Yes, yes, we know, we know. If it’s any consolation, in another month or so we’ll be in hats and mittens just like so many of the rest of you.
It was a work trip for me. Yes it was. I was collecting seaweed species that may be new to science for identification and laboratory cultivation.
It was a photo shoot for her. One of the photos was of a green caterpillar, inching its way up a dead stick.
“Oh, look. An inchworm. How cute!”
We’re lucky it didn’t bite us.
Y’see, in most of the world, inchworms are harmless little things, going around measuring marigolds (prior to devouring them) and inspiring Hollywood crooners, not to mention Muppets, to promote the idea that aesthetics are superior to mathematics. (Your Friendly Neighborhood Amoeba could say something about “teacher furloughs” at this point, but as this has been a consistent refrain on this blog lately, he will refrain.)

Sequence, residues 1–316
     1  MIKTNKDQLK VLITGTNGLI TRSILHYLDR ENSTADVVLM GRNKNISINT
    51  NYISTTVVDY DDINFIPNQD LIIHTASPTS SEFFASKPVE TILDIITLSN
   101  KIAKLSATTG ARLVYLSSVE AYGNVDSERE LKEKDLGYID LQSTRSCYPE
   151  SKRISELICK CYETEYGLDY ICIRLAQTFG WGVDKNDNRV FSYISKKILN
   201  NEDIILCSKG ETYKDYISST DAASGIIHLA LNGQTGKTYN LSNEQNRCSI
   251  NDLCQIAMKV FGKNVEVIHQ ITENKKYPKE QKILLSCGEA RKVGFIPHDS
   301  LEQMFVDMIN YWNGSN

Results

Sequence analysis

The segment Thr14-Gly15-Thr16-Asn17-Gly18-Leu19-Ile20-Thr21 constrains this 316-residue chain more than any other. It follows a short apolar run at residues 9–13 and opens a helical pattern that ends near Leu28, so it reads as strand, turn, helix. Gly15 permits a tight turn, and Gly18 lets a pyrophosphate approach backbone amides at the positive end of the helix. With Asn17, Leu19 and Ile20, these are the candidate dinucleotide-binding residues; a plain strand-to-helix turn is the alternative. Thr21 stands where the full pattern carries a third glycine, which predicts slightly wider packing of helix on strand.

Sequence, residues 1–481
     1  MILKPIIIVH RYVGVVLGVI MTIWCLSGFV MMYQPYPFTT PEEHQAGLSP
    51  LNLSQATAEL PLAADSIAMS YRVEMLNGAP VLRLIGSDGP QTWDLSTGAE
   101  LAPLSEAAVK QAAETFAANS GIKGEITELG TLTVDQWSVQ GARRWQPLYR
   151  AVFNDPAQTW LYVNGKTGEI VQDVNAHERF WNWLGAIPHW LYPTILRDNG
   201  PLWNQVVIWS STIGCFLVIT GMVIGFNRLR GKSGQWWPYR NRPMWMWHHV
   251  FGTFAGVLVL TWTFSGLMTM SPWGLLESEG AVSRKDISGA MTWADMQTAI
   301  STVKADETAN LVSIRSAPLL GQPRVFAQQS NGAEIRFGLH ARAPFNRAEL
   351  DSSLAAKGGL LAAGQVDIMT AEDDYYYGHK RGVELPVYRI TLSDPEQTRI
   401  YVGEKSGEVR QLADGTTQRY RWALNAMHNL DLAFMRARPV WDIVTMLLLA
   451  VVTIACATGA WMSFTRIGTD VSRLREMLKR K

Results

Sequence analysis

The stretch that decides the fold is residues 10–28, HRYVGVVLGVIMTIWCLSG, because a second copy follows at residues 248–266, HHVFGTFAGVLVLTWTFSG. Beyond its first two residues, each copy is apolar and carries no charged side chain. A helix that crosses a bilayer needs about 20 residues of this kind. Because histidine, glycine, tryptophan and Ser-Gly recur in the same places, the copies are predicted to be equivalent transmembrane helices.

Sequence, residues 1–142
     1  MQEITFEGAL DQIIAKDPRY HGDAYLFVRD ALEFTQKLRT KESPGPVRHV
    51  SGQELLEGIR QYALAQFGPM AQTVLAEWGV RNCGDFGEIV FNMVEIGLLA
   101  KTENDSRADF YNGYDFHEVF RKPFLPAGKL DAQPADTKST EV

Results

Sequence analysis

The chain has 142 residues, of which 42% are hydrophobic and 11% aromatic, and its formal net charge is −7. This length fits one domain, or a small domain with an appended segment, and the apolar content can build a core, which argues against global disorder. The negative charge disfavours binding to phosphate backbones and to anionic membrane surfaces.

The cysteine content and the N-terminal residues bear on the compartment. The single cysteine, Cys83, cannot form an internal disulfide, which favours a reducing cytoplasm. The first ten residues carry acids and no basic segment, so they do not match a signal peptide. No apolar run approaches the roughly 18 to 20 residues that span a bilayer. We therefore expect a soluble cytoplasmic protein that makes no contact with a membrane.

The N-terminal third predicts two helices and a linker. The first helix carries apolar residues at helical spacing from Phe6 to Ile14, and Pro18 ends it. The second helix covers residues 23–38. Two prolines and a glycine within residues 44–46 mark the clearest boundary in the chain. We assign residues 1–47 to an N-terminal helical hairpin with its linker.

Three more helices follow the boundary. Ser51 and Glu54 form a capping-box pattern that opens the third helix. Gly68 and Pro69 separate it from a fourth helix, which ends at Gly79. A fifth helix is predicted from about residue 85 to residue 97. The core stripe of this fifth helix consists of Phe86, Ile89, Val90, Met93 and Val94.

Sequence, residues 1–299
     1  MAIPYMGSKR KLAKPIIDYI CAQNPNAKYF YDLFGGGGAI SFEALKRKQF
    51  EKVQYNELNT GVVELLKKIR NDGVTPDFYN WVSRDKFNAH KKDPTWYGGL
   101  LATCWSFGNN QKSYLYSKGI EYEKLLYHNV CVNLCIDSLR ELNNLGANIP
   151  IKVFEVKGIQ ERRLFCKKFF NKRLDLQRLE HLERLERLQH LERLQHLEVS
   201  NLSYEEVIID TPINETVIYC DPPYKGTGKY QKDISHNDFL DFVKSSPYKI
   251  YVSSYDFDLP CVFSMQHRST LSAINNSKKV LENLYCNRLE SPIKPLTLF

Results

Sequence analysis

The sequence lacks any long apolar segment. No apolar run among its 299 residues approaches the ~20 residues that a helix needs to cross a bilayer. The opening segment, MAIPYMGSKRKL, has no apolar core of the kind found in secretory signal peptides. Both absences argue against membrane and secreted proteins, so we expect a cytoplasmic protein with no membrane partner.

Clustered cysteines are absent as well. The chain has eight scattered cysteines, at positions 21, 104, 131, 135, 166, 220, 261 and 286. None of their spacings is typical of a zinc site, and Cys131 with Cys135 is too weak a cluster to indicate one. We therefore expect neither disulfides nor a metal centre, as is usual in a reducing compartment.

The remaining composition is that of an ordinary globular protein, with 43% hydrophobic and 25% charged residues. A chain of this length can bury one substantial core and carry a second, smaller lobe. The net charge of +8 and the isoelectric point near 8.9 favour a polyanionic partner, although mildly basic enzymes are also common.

In Hawai‘i, the Land of Aloha? They’re killers. The insect equivalent of a bunny rabbit with fangs. In the language of the entomologist, the Hawaiian inchworm is an “ambush” or “sit-and-wait” predator. They lounge around on the botanical equivalent of a streetcorner, whistling nonchalantly and trying to look inconspicuous. Until a fly or moth or similar variation on the theme of Meals on Wings comes within reach, and then … WHAM!!
You don’t believe me?
Shame on you.
Of course, the marigolds are all for this. They’ve got advertisements on all the major websites of the Inchwormnet, showing posies with crude hand-lettered signs:
EAT MOR BEETALS
– O Ceallaigh
Copyright © 2009 Felloffatruck Publications. All wrongs deplored.
All opinions are mine as a private citizen.